Archive | July 2015

Damned Words 13

lone_tree

Silently, Deliberately
Jon Olson

Every day, like a moth to a flame, I revisit this spot, eager to see it again. Leaning back against the tree, I gaze out onto the horizon. My eyes scan left to right, right to left. It was here, on this small protrusion of land, I saw it hovering silently, deliberately above the Atlantic water. Mechanical, organic, frightening and alluring all rolled into one. For hours I watched with morbid fascination until it finally disappeared into the sky. Since then, my dreams, every waking moment, have been obsessing over it. So here I sit, waiting, hoping, for its return.


Burn To Your Core
Joseph A. Pinto

And still I survive here; and I am charred; and I am lifeless without ever having died. You surround me with portrait skies my limbs can never touch; only the water to nourish me, delivered by beak of bird and sob of storm. Yes, you planted me in barren ground, but I chose to take root. Strove to blossom. More than ever, I realize I cannot. How deathly I must appear against the backdrop you manufactured, an obstruction to all you’d thought perfected. An eyesore so startling I am beauty in my own right; it must burn to your core.


Rest In Peace
Thomas Brown

Last night I ate with my family for the last time. My brothers and sisters drank, danced, laughing as they have laughed for centuries while gorging themselves to sate the endless void. Let them. I can’t remember ever feeling so full, so monstrously sick of it all. Dawn approaches. Over and over the sea heaves itself against the grey shingles. I was born here; it seems right that I should end here too. Standing on the shore, I watch the waves and the ash floating over them. Birds scream. The sea sighs. I am here, now, and it is beautiful.


Black
Craig McGray

It’s been years since anything has blossomed. Sure, an overly ambitious weed may sprout from time to time, or a sporadic leaf may unfold from the tip of a naked branch, but the inky blackness from the soil strangles any attempt to splash color onto its infected landscape. Mankind and nature alike have been smothered by the rot that has stolen the color from the ground and seas. The sky remains the only hint of color in our decimated world and even that will soon be gone. Each day grows shorter, every night becomes longer. We did this to ourselves.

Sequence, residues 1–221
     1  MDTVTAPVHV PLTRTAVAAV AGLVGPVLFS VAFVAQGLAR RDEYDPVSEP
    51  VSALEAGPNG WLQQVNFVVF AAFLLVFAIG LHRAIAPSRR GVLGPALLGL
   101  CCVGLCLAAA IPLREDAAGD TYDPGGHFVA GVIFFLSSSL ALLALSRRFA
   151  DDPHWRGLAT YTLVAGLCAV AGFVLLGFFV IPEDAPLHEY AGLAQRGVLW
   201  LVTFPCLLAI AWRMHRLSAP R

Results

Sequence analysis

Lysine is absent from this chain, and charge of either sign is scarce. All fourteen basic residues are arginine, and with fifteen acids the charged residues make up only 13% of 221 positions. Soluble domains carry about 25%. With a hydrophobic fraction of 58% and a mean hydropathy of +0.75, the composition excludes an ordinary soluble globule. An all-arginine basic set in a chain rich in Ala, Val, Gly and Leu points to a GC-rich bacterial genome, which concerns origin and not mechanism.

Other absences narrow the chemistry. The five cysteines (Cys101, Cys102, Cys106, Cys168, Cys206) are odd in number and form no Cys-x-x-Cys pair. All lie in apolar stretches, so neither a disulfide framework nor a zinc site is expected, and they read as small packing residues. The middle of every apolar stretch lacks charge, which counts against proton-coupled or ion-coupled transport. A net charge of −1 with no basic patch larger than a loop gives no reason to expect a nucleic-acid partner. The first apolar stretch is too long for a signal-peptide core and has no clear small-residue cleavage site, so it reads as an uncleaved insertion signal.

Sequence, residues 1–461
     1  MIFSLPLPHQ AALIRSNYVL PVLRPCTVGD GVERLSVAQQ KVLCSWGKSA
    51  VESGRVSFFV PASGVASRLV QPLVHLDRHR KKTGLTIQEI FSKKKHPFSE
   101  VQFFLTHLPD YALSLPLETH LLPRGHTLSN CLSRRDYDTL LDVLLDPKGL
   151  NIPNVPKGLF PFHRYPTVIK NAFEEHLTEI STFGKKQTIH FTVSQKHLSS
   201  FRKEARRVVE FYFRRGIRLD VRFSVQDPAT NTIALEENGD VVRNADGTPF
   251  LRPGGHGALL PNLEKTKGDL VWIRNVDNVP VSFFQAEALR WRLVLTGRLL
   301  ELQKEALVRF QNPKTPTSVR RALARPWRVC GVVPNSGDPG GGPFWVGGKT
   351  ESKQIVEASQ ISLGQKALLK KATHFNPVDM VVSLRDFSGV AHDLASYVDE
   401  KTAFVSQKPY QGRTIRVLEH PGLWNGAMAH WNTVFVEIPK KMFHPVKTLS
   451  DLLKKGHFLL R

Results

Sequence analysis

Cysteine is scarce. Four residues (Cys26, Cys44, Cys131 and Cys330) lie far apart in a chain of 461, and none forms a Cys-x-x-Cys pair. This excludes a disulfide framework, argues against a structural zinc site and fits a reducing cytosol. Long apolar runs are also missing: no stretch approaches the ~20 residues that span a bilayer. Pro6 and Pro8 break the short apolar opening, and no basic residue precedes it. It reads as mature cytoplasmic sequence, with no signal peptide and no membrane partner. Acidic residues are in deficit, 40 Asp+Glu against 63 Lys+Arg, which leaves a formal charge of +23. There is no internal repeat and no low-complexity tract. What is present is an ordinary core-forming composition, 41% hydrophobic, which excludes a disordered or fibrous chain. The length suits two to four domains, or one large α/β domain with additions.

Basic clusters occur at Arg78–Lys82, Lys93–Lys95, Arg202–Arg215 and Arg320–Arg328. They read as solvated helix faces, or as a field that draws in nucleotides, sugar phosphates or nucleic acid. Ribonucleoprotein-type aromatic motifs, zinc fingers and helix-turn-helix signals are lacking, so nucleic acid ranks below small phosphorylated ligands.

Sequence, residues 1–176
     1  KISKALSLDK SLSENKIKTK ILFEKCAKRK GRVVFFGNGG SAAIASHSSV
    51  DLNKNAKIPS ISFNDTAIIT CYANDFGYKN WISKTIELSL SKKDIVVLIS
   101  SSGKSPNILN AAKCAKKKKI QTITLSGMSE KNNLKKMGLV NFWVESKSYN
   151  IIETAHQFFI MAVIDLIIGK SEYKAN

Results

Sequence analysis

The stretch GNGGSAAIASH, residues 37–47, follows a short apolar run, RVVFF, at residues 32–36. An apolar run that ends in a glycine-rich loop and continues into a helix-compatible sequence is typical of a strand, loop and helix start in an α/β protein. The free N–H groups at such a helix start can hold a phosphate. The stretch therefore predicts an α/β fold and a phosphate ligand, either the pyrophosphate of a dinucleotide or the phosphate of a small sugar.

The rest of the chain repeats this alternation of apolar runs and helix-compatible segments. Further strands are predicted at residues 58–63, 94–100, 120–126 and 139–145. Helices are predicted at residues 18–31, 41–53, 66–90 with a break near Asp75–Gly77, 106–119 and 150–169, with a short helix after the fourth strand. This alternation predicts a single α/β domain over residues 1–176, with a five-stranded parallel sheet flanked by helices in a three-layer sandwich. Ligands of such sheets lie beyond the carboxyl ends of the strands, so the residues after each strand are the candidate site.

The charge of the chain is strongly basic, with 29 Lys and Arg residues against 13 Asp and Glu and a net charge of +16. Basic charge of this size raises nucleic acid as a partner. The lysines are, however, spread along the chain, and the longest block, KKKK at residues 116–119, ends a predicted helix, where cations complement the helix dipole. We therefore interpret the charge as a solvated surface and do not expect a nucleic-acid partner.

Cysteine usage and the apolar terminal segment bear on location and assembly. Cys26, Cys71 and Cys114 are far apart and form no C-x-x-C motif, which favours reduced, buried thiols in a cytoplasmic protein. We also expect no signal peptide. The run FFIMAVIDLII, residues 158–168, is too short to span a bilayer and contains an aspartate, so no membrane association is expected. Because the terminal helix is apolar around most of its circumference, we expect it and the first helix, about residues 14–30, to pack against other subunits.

Duel at Dawn
Blaze McRob

A gentle breeze carries the stench of rot to this seemingly idyllic park. Voices, agitated, from both sides, toss curses at each other, bellowing out that the other will get what is coming to him. They back up to each other, take the ten obligatory paces, turn, and aim.

Lightning strikes the little piece of land jutting out into the river as it has for hundreds of years, ripping through the soil. Both men drop to the ground without a shot being fired.

There will be a duel at dawn once more. Until there is a victor, neither can rest . . .


Rise
Magenta Nero

Finally, a precious moment alone. Staring into the vast emptiness of sky her troubled thoughts churn. The afternoon sun glares in the distance. She frowns as she watches it, an uneasy feeling creeping over her. It is not the sun. It is moving, hurtling towards her quickly. It comes to a sudden halt above her, a huge and gleaming object. She clutches her ears as a deep grating hum fills her head. She thinks to run, to scream, but she can’t move. Her body begins to rise, sucked by a stream of blinding light into the belly of the craft.


Promises, Promises
Hunter Shea

She was hanging from the lone tree by the sea, the very place we first made love, our sweat crystallizing with salt, the ammonia scent of our urgency sticky between us. Her limp body presented a dark silhouette against the setting sun. I saw her clothes in a wrinkled pile beneath her feet, toes pointed to where we once lay, a jumble of limbs and satisfied orifices. The surf crashed, imperceptible flecks of foam plinking into the pores of my face.

Her body jerked.

No!

One cut. She gasped.

Into the sea, my love. I promised you a beautiful death.


Watching Clouds
Tyr Kieran

That was the day our greatest fear came true. A slow build war neither cold nor vigorous. The talking heads had spewed their hype for months, only exacerbating the arrogant, heavy-handed mistakes of the politicians. Cultures clashed causing egos to surge up and trample all over rationale. It wasn’t surprising that international spite and jealously is what pushed the button in the end. When the alert hit the airwaves and our government admitted their diplomatic errors, it was far too late–death was on the way. No sense in running. I just sat down and watched the mushroom cloud form.


Anointed
By Nina D’Arcangela